Watch Greenland melt before your very eyes.
Google Earth just unveiled its biggest update in several years, a tool that shows 35 years of satellite footage to create a 3D time-lapse of how the planet has changed between 1984 and 2020 in a matter of seconds.
The tool (you can access it here and yes, you can look up your house) represents a major upgrade over the existing Google Earth time-lapse feature, Gizmodo reports, which only covered limited areas and didn't include the 3D renderings Google creates from various satellite images. In this case, the images Google stitched together come from NASA and EU satellites that provide a fresh image of the planet every 2.5 days, so the time-lapses speed through a lot of history in a short time.
The time-lapses illustrate that it's not just natural forces that shape the planet. The impacts of human development — and human-accelerated climate change — are on full display.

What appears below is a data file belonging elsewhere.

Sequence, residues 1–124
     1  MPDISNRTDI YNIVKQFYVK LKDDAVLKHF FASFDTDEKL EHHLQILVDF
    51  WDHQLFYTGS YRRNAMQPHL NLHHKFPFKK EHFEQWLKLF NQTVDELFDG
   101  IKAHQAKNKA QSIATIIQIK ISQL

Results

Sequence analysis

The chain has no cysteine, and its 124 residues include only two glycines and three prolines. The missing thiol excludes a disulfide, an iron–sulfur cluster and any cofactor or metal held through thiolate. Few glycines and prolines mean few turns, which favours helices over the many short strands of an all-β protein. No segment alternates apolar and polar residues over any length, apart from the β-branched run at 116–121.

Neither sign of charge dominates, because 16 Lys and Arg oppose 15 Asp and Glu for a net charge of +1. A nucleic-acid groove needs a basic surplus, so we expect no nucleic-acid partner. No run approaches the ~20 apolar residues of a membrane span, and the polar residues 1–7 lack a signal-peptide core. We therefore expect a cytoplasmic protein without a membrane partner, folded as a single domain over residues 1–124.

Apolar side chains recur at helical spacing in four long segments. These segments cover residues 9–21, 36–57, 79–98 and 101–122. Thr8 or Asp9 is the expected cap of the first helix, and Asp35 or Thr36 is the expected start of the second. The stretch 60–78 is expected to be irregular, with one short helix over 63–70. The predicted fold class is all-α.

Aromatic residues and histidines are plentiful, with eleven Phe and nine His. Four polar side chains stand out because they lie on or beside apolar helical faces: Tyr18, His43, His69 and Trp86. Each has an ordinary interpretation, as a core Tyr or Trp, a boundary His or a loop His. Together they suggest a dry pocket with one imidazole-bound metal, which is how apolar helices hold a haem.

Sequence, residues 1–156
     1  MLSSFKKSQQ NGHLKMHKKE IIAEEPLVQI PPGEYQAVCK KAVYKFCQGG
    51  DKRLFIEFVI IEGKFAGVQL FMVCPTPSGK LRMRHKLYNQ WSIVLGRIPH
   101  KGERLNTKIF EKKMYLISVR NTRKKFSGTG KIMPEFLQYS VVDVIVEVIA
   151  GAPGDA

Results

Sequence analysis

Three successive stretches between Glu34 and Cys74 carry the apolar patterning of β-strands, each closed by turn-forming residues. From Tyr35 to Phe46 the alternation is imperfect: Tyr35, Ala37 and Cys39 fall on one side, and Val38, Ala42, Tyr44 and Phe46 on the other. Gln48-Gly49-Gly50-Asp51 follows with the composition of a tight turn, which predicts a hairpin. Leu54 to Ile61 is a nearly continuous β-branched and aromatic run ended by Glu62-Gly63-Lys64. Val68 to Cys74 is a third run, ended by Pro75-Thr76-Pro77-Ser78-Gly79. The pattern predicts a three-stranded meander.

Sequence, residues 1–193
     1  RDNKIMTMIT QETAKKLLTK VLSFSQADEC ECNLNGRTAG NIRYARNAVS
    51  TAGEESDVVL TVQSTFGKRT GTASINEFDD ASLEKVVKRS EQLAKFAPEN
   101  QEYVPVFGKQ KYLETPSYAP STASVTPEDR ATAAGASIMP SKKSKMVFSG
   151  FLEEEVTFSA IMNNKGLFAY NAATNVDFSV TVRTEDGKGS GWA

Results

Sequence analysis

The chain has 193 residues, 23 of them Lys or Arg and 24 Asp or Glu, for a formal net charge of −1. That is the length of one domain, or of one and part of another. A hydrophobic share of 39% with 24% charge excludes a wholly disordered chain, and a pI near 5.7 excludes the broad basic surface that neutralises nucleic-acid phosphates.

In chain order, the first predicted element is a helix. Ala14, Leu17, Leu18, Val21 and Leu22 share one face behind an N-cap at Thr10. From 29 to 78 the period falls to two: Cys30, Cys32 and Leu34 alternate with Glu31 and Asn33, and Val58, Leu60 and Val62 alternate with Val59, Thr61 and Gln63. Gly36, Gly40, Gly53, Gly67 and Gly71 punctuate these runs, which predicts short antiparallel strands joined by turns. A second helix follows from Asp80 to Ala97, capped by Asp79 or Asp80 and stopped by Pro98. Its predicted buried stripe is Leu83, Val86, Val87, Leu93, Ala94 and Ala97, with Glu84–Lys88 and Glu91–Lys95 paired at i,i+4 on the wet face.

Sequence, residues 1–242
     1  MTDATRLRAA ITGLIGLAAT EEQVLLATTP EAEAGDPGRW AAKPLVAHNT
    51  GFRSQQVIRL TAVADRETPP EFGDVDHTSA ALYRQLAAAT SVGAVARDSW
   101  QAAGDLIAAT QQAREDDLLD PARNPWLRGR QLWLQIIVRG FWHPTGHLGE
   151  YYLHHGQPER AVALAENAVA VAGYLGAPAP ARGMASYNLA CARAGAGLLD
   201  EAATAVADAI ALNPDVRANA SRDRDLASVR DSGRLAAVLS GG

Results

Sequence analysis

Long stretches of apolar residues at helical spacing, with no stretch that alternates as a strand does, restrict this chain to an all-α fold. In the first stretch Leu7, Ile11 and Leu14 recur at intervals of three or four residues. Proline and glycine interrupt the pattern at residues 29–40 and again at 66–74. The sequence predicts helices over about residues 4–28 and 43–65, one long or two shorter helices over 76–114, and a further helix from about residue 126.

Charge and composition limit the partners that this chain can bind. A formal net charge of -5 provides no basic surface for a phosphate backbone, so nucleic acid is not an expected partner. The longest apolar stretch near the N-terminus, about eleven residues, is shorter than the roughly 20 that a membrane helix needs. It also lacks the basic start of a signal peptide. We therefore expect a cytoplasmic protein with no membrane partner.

A sample video shows forests disappearing, coastlines changing, and even entire artificial islands off the coast of Dubai as they're being constructed. Kazakhstan's Aral Sea dries up, towns and cities replace green landscape, and Greenland's ice melts away to reveal the rocky terrain hiding underneath.
Google says that its goal was to create a new way for people to remember and interact with the planet, according to Gizmodo, especially by calling attention to some of the more jarring and urgent changes that we've witnessed in recent history.
READ MORE: Google Earth's New 3D Time-Lapse Feature Shows How Humans Are Affecting the Planet [Gizmodo]
More on Google: Google Maps Now (Accurately) Shows That Earth Is Round